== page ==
Arizona’s longest-running studio tour features 174 artists at 47 studios throughout North Scottsdale, Cave Creek and Carefree

Arizona’s largest and longest-running artist studio tour, Hidden in the Hills, returns for a 26th year during the last two weekends of November: Friday through Sunday: Nov. 18-20 and Nov. 25-27.

Coordinated by the nonprofit Sonoran Arts League, this year's free, self-guided tour features 174 artists at 47 studios throughout North Scottsdale, Cave Creek, and Carefree. The popular event attracts thousands of patrons who appreciate fine art and seek a variety of mediums, styles and price ranges. With the event taking place the weekends before and after Thanksgiving, the art tour also attracts holiday shoppers who want to find an original, unique gift. Studios are open from 10 a.m. to 5 p.m. both weekends, giving plenty of time to visit multiple studios.

The League also announced that ceramic artist Myron Whitaker’s stunning vessel, “Large Ferric with Agate” graces the cover of this year’s popular four-color, glossy artist directory. The contemporary, raku-fired piece features rich textures and earthy colors. The inspiration for the piece – a striking Brazilian agate – sits atop the vessel’s handle. A leather band with tusk-shaped ceramic adornments is also a focal point, separating the contrasting textures from top to bottom.

In May, participating artists were invited to submit original pieces for consideration of the artist directory cover during a selection process.

“Myron’s bold, beautiful ceramic vessel took our breath away,” said Jane Boggs, a gourd artist and studio host who serves as the event’s co-chair. “It commanded our attention and we felt it was perfect for this year’s artist directory.”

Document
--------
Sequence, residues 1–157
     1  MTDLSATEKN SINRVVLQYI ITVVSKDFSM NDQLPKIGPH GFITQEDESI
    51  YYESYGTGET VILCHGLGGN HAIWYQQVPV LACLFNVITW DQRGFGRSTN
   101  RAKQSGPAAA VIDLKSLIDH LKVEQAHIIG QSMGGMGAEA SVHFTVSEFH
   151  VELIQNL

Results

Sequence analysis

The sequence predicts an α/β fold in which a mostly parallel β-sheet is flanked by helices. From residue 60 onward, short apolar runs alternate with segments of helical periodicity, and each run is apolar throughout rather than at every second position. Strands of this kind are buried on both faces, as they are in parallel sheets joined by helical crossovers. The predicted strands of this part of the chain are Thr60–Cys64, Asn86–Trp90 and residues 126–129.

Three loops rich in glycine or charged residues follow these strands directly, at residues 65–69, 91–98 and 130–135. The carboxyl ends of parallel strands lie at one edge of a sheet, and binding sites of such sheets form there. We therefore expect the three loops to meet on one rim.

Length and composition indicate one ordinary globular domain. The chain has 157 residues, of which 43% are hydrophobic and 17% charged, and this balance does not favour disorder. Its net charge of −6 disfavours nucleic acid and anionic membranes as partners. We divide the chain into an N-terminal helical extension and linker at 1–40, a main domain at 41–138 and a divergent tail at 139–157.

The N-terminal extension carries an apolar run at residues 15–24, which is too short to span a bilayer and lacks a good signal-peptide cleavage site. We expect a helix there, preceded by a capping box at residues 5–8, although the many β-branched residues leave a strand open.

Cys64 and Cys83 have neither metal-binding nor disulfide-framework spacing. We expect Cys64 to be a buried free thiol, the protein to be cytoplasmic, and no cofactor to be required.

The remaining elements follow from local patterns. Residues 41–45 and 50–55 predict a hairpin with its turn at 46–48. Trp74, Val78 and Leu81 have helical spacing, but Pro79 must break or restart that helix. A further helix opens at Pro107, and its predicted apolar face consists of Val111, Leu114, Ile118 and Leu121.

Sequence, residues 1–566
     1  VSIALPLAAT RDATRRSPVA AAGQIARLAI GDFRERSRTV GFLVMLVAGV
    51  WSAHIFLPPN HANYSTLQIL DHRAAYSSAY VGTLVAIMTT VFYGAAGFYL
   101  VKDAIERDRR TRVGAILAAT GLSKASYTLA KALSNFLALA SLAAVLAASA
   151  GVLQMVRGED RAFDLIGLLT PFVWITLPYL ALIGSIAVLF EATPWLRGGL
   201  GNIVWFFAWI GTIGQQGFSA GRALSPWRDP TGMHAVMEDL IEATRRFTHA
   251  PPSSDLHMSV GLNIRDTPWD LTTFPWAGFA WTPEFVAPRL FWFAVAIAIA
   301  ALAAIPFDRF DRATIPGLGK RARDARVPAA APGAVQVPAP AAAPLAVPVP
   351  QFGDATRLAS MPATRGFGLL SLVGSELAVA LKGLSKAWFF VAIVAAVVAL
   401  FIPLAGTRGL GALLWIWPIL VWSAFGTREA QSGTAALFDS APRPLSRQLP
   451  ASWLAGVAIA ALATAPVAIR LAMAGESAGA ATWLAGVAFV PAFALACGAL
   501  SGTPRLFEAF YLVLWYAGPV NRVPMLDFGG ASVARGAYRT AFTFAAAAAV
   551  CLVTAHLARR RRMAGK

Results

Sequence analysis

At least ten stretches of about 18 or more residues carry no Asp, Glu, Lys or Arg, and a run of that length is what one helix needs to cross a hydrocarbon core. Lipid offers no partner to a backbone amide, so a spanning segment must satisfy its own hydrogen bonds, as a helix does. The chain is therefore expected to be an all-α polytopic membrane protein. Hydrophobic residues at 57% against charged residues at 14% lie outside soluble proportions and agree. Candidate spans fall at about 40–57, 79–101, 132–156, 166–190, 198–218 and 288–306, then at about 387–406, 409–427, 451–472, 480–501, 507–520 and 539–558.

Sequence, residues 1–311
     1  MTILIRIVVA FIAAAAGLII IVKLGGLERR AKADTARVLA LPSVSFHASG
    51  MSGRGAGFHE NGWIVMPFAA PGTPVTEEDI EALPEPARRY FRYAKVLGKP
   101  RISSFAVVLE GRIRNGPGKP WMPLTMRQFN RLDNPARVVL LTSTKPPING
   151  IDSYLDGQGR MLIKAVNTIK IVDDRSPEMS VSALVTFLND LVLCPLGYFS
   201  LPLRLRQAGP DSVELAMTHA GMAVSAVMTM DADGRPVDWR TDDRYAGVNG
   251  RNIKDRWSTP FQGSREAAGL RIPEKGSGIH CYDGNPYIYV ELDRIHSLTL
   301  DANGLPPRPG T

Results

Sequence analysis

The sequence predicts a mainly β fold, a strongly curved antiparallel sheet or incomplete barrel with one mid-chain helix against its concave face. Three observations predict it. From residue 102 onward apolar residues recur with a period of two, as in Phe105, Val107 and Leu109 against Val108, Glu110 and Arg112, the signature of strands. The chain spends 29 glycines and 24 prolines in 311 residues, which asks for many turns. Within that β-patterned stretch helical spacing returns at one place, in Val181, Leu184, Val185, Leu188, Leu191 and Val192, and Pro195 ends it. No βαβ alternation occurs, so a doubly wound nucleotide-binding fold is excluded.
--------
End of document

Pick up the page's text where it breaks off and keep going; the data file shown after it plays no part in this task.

From 18-Wheelers to Contemporary Ceramics

Myron Whitaker likes to joke that he is “as country as country gets,” something that no one could guess by viewing his large body of contemporary ceramic works. Growing up in Kannapolis, North Carolina, he never imagined pursuing a career as an artist. In fact, he spent more than 16 years manufacturing 18-wheelers. One day, he ran into his high school art teacher who encouraged him to take a ceramics class she was teaching at a local community college. The class fueled his passion to learn more, and within a few years, he left his job to work full-time as a ceramic artist.

“When I first started doing ceramics, it was pure fun. And then I fell in love with it,” Whitaker said.  “I’m really living my dream. When I sit down on the wheel to throw clay, I know that’s where I’m supposed to be.”

Today, some 14 years later, Whitaker splits his time between Arizona and North Carolina, often traveling throughout the country to participate in prestigious shows and check on his work in various art galleries.

He is best known for his large scale, raku fired vessels.

“Raku is one of the most exciting and rewarding parts of the ceramic process. The anticipation of instantaneously seeing red hot clay pieces evolve into the final glazed and black smoke artwork is the most gratifying part of the journey,” he said.

Whitaker said he is honored to have his “Large Ferric with Agate” vessel chosen for this year’s HITH artist directory cover.

“It’s exciting, especially since the artist directory has become a collectible over the years,” he said, adding that he doesn’t typically give his ceramic pieces titles.

“Ferric actually refers to the firing process,” he explained. “It’s an acid that I pour over the vessel before firing it. In this case, I used more than 40 pounds of clay to create the vessel, and I decided to use ferric instead of a glaze in order to bring out the earthy colors and give it a primitive look.”

He also revealed that the inspiration for the piece was the large Brazilian agate that sits on top of the vessel’s cover handle.

“Before I sit down to throw a piece, I decide which stone or fossil will be a focal point,” he said. “Some people think I create the vessel first, but I need the stone or fossil to guide me as I determine the shape, size, texture, and color palette for each piece.”

This is Whitaker’s fifth year participating in Hidden in the Hills. The talented artist will exhibit and sell his work at mixed media artist Carlos Page’s Studio No. 32 in Cave Creek.

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Photos courtesy of Sonoran Arts League